Friday, October 8, 2021

Five Design Challenges for GDS4

Starting November 1st, I'm joining Wizards of the Coast as a designer. As a parting gift to the wonderful Goblin Artisans community, I'm leaving five design practice challenges to help you develop your skills on GDS4.

These challenges hew closely to the contents of GDS3, with a focus on designing commons and making cards that go together in an environment. These were inspired by Zach Barash's practice challenges for Hipsters of the Coast, which were very useful, and are intended to help you warm up after the GDS4 is announced. That said, there's nothing wrong with doing them now.

Because I'm pretty close to a point where I can't look at custom Magic designs, please do not post answers in the comments just to be safe. Thanks!

1. Design a two-color draft archetype for use in a premiere set. Try to choose a draft archetype that explores space that hasn’t been explored by that color combination before. You may use one deciduous mechanic. You may design up to three creatures and up to two of each noncreature card type. Design the following:

  • Three commons
  • Two uncommons
  • One rare
  • One mythic rare

2. Choose your favorite draftable Magic set. Create ten commons, two of each color, that could fit into that set. Each color should have one creature and one noncreature card. It’s okay if the common occupies a “slot” that was already taken; for example, you can design a bounce spell even if the set already has one at common.

3. Choose a premiere set prior to Ikoria. Create a legendary creature intended for use in Commander that explores a particular mechanical theme of that set, like we see in modern Commander precons. Design four cards that accompany that legendary creature, then choose four non-mythic cards from that set to include in the precon.

4. Create eight top-down cards for a set based on post-apocalyptic action movies like Mad Max. There must be two of each rarity, so two commons, two uncommons, and so on. You may design a maximum of four cards of each card type. Each color must be represented at least once (but it can be on a multicolored card). You may use one of the following deciduous mechanics: Vehicles, Treasure tokens, or Food tokens. You may not use any other deciduous mechanics.

5. You’ve been tasked with leading vision design on a Magic set that has some kind of mechanical twist, like Conspiracy, Battlebond, and Planechase. Figure out what twist you’d like this set to have, then design two commons, two uncommons, two rares, and one mythic rare that play along with the twist. You may design up to three creatures and up to two of each noncreature card type. Each color must be represented at least once (but it can be on a multicolored card). You may use any number of deciduous mechanics that don’t require extra expense to be printed, so no double-faced cards etc.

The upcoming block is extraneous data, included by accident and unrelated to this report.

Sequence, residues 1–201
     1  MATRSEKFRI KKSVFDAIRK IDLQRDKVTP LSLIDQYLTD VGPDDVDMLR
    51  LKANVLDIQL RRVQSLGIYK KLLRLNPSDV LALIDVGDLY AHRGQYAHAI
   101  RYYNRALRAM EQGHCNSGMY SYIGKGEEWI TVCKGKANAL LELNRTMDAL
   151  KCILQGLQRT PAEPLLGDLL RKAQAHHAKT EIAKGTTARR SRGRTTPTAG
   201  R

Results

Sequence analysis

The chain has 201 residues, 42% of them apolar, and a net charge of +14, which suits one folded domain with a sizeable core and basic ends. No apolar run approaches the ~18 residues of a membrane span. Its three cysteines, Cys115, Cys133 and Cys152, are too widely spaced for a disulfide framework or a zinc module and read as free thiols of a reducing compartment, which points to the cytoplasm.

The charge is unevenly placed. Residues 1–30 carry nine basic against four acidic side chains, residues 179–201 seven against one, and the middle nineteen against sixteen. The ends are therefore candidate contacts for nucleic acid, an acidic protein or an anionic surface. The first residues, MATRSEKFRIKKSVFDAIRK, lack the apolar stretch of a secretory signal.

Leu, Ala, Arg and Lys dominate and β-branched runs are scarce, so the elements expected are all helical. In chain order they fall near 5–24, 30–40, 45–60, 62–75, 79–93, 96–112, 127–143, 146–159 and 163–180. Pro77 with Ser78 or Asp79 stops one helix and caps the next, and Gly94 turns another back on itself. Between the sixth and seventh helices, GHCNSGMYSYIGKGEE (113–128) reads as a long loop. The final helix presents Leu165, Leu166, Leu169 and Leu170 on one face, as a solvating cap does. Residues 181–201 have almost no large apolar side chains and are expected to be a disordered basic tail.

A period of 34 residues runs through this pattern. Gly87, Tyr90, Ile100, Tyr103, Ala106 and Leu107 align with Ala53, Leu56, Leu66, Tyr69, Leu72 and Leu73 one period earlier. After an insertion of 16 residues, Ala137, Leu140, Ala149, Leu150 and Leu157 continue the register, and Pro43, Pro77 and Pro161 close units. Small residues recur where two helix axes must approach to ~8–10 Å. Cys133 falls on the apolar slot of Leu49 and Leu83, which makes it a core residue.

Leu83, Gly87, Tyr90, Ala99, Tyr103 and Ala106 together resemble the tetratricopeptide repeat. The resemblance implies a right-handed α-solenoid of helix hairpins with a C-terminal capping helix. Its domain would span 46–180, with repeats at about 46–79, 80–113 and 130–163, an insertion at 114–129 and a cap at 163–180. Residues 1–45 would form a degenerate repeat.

1. So exciting, congrats Jeremy! You’ve been a great read on the site and it’s going to be exciting what you create at Wizards!

  2. I spent the morning rereading your GDS3 submissions and I am really excited to see what you come up with now that you have the gig. Magic design has changed so much in the last few years, but your design sensibilities in GDS3 still felt good. I think you can keep the game on the right track.

    My favorite cards from the reread were Redundo (love variations on modal like this) and Dragonclaw Trophy. (filter rocks with late game effects rock!)

    Congrats on the job.

    1. I tweaked Redundo a bit for one of my articles if you didn’t see it!

      And Dragonclaw Trophy is cool but I agree with the judges that it should probably have been at common.

    2. Your tweak to Redundo is not my cup of tea. I much prefer the modal menu style to a block of text that says "If you paid this color, do this, or that color do that." Your first version told a clearer story. Creating the parameters for a modal menu of activated abilities could lead to more than a few fun designs, so getting it right here allows for other cards in the future to exist. Eli was worried it would be a lot of work for many departments for one card, but I don't see it as a one off. Kind of the like the work they did with Outlaws' Merriment. Its modal token making can be used in a lot of future designs now that they've done the leg work for the template. I really just like stuff like this.

  3. Looks like some great prompts. But I have some questions. I often feel a sense of “ah, this other idea I have can be retrofitted to fit this challenge”. Should I avoid this and how do I do so? Or is that ok for stuff like GDS?

    1. By all means, retrofit away! It's actually better if you submit things you've been iterating on for a while, and WotC won't have seen any publicly posted work anyway.

  4. Wait, there is a Great Designer Search 4?